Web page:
Blood that pools in the varicose veins is depleted of oxygen and nutrients. The veins also do not tolerate high pressure well and begin to allow red blood cells and fluid to leak into the tissues of the leg, which causes painful swelling. The red blood cells in the tissues cause chronic inflammation and the skin becomes dark and discolored. The medical term for the dark discoloration is hyperpigmentation.
When the skin and the fat under the skin are inflamed for years, the tissues become woody and firm. The medical term for this woody, hard tissue is lipodermosclerosis.
A condition that may occur over time, when there is chronic venous insufficiency, is a venous leg ulcer. The ulcers due to varicose veins are painful and difficult to heal. Sometimes the ulcers cannot be healed until the backward blood flow in the veins is corrected.
Another possible consequence of untreated varicose veins is spontaneous bleeding from the varicose veins. As the skin over the veins becomes thin, eventually the vein can be exposed to the outside world and be easily injured by clothing, bedding, etc. The blood loss can be significant and is painless.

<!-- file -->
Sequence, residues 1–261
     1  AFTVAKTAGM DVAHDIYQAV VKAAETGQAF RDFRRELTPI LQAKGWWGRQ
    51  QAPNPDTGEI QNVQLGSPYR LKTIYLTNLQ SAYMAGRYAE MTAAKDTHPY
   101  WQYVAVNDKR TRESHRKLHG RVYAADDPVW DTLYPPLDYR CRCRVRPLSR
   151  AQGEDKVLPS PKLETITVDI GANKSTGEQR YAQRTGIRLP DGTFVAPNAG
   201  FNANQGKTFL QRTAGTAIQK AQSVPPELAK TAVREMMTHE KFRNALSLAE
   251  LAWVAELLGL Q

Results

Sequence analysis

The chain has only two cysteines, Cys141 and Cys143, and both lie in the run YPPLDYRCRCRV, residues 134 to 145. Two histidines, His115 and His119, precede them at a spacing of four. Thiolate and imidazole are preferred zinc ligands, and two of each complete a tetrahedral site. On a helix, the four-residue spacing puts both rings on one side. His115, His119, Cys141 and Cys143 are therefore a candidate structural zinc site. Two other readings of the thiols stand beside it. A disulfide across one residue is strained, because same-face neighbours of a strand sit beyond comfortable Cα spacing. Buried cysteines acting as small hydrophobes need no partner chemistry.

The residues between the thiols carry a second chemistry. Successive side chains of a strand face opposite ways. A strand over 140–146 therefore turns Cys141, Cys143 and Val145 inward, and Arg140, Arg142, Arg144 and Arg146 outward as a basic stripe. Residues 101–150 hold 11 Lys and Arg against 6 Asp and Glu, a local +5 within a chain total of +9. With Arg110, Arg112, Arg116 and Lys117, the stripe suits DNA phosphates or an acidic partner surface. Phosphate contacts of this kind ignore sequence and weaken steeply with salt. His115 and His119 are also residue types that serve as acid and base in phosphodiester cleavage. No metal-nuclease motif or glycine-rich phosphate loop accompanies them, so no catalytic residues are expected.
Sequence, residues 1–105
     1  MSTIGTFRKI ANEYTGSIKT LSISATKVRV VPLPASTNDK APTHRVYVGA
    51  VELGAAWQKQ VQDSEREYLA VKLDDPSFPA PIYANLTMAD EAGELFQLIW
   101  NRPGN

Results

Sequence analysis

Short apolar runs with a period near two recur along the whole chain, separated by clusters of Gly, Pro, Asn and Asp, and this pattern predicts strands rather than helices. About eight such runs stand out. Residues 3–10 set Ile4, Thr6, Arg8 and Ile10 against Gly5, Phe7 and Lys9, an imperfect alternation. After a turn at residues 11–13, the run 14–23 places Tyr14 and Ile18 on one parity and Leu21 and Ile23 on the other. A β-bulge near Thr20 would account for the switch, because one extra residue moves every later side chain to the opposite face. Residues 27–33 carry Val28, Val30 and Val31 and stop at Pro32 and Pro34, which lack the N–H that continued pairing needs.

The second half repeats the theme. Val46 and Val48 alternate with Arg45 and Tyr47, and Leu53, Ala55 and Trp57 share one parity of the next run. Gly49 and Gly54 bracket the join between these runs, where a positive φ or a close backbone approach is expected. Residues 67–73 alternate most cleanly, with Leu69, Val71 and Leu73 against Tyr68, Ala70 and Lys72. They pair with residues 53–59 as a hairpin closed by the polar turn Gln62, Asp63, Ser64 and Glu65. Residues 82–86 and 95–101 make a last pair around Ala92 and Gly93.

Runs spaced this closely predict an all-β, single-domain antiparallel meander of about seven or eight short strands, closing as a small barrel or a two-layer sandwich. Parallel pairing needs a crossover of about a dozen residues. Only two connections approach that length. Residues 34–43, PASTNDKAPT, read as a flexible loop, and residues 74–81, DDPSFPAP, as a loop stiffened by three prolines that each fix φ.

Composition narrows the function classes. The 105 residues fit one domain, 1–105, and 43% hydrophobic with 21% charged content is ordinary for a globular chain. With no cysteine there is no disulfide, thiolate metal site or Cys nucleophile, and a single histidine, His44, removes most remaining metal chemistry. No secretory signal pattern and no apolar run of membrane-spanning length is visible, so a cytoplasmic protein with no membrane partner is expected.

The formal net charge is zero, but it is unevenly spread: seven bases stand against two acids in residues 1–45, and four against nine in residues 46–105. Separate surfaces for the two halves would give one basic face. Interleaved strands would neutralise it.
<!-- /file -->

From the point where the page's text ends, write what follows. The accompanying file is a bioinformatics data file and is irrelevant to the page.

Superficial thrombophlebitis (ST) is an inflammation of a vein just below the surface of the skin. The cause of inflammation is not an infection. Rather, inflammation is due to decreased blood flow through the vein, damage to the vein and blood clotting. The features of ST include redness to the skin and a firm, tender, warm vein. Localized leg pain and swelling may occur as well.
Deep vein thrombosis (DVT), unlike ST, can be associated with significant and serious medical problems. DVT is often first noticed as a “pulling” sensation in the calf of the lower leg, and it can be quite painful. Symptoms also include associated warmth, redness and swelling. The swelling often extends to above the knee.
Some patients are at higher risk for developing DVT. These include people with one or more of the following characteristics:
Over 60 years of age
History of prior DVT
Blood Clotting Disorders
Pregnancy and Postpartum
When a diagnosis of DVT is made, anticoagulation treatments are often started. Anticoagulation prevents progression of the blood clot, breaks up the clot and prevents the clot from traveling to the lungs. If a clot travels to the lungs it is called a “pulmonary embolus” and the outcome can be fatal.
If you’re not sure whether you need to treat your varicose veins, please call to schedule a consultation. Dr. Amery will be able to evaluate your condition and determine what kind of treatment is needed.
Do you have questions about vein treatment?
Contact us to see if you qualify for a free vein health screening. We will be happy to talk with you about your options and what to expect before, during and after treatment.